Subhash Palekar, popularly known as Krishi ka Rishi (the “sage of agriculture”), is a famous exponent of natural farming and a tireless promoter of the concept of “Zero Budget Natural Farming” (ZBNF).
ZBNF is based on four principles listed below :
1. Zero budget farming
The production cost for the farmer is zero as no input needs to be purchased. As 1.5 to 2.0 % of the nutrients are taken from the soil by the plant (the rest is taken from the air, water and solar energy), there is no need to add fertilizers. These nutrients provided by nature (as in the forest) are totally free of cost. The farmer uses its own seeds and protects the crop with natural products that he collects himself so that he does not have to buy either chemicals or seeds.
As a zero cost technique, natural farming is an appropriate answer to the current agriculture crisis and particularly to farmers great indebtedness and dependence on money lenders, that increasingly leads too many of them to commit suicide.
2. Natural inputs
Natural farming does not require chemicals inputs or organic compost like vermiculture but promotes a natural catalyst of biological activity in the soil and natural protection from diseases.
The nutrients (Nitrogen, Phosphate, Potash, Iron, Sulphur, Calcium) which are present in the soil are not in an available form for the plants. They first need to be transformed through the action of micro-organisms (bacteria, microbes and local earthworms) that are normally present in the soil as well. But the excessive use of chemicals have destroyed these micro-organisms. It is thus necessary to reintroduce them through natural methods like application of local cow dung which, according to S. Palekar, contains 3 to 5 millions of such beneficial microbes. His researches show that local cow dung (zebu) is the most effective compare to foreign cows (Jersey, Holstein). Only one cow is needed to cultivate 30 acres of lands (most Indian farmers own less than 1 acre) as one cow gives about 11 kilograms of dung per day and as only ten kilograms of local cow dung are required per month to cultivate one acre of land.
Observing nature, S.Palekar thus developed a natural “catalytic agent” known as Jivamrit to promote the formation of humus in the soil by encouraging the multiplication of micro-organisms that decompose the dried biomass of the soil and make it available as nutrients for the plants. The components of jivamrit are entirely natural: water, local cow dung, local cow urine, jaggery (sugarcane sugar), pulse’s flour and soil.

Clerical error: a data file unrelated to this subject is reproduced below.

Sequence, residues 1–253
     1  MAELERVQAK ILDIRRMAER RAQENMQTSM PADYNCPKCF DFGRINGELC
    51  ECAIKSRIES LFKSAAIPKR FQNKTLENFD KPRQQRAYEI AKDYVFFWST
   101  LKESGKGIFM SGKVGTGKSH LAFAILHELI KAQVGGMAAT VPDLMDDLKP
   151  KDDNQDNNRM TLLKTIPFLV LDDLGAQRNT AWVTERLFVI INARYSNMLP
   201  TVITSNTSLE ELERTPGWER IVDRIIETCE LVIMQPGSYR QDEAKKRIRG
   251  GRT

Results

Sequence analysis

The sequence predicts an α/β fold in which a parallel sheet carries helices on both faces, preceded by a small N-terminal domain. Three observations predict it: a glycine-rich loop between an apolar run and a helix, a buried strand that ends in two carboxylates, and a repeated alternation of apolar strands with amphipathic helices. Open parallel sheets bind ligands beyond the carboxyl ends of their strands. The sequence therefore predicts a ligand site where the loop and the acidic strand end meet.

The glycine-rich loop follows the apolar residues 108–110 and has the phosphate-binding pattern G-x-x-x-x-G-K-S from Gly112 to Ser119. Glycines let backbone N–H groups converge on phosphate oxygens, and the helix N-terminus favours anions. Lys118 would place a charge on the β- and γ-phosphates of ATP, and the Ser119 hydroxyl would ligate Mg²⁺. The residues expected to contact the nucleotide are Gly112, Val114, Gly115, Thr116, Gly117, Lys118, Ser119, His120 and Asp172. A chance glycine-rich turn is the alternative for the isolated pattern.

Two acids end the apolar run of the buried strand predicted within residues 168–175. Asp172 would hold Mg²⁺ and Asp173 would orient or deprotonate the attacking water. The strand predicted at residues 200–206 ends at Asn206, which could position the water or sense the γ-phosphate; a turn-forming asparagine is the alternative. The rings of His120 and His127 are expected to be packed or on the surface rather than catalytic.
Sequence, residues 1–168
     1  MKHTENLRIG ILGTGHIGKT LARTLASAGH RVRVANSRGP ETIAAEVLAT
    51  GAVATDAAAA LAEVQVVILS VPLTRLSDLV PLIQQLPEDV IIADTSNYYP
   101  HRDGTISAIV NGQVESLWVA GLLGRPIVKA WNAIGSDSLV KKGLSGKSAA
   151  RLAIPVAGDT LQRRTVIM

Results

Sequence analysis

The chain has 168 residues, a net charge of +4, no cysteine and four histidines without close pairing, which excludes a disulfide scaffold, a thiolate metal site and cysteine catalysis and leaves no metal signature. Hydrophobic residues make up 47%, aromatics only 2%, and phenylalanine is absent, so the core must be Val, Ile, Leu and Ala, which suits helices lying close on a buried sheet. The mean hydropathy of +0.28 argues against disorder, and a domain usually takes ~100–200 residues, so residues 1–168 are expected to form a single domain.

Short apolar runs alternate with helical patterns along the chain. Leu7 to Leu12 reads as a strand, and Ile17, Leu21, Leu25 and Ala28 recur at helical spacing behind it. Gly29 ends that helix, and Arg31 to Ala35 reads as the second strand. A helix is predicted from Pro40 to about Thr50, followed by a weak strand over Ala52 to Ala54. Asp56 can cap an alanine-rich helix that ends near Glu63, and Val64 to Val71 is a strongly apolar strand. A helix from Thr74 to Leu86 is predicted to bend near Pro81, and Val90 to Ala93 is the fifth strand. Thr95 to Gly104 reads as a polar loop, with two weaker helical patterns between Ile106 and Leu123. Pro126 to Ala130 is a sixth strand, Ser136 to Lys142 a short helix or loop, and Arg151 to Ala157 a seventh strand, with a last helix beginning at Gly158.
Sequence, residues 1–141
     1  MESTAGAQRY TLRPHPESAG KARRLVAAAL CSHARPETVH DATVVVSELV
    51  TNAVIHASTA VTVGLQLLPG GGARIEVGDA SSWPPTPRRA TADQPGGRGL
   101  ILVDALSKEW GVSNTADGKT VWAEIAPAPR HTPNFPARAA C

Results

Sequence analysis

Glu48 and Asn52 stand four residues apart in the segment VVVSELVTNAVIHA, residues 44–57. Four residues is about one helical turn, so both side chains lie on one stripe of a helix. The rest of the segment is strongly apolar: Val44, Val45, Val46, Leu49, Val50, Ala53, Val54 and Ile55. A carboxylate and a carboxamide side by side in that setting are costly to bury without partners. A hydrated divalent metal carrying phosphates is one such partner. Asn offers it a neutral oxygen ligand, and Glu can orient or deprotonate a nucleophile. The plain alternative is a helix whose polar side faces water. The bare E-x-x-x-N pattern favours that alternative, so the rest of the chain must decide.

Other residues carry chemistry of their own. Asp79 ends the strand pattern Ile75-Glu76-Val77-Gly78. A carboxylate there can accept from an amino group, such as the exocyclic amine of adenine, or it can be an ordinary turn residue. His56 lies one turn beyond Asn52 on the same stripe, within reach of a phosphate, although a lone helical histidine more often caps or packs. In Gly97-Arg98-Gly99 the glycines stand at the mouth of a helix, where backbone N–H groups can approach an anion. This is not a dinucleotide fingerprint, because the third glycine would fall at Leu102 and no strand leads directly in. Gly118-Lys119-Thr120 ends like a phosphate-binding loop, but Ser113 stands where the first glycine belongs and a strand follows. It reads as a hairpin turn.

On the same pattern, he designed a seeds treatment formula to protect them from various diseases and insects, without using any pesticides: bijamrita is a natural mixture of water, local cow dung, local cow urine, soil and lime.
Other mixtures aimed at managing insects and pests (natural pesticides and fungicides) contain tobacco, green chili, garlic, neem, and various fruits such as custard apple, guava, lantena camella, papaya, white dhotara, pomegranate.
These natural catalysts, protections and treatments ensure the quality of the soil, the underground water and the crops. Preventing any deterioration or pollution of the environment and maintaining the productivity at a very good level on the long term, natural farming can thus be equated with sustainable agriculture.
Mulching is also one of Zero Budget Natural Farming’s four wheels. It is necessary to create the micro-climate under which micro-organisms can best develop, that is 25 to 32 °C temperature, 65 to 72 % moisture and darkness and warmth in the soil. Mulching indeed conserves humidity of the soil (therefore diminishing the need for irrigation), cools it and protects its micro-organisms.
Intercropping, multicropping or mixed cropping, as opposed to mono-cropping which has been imposed by industrial and mechanised agriculture, is the cultivation of two or more crops in proximity in the same field, during a growing season, to promote interaction between them. It is based on the assertion that there is a complementarity between plants. Natural farming enhances the use of the soil and its nutrients through this complementarity between the crops.
For example, one could mix long life-span species (like chikoo, coconut, mango) with short life-span species (like various vegetables, leguminous, medicinal and aromatic plants) and medium life-span species (like banana, papaya, custard apple). The diversification of crops has to be decided according to the area and agro-climatic conditions.
Multicropping is a good way to minimize the risks for the farmer who is able to enjoy continuity of yield throughout the year. In case of a crop’s failure he can also rely on the other crops. Other advantages of intercropping include the limitation of outbreaks of crop pests (some plants act as natural pesticides against other crops’ pests) while rotation protects against endemic pests; the protection of biodiversity; a better and richer nutrition.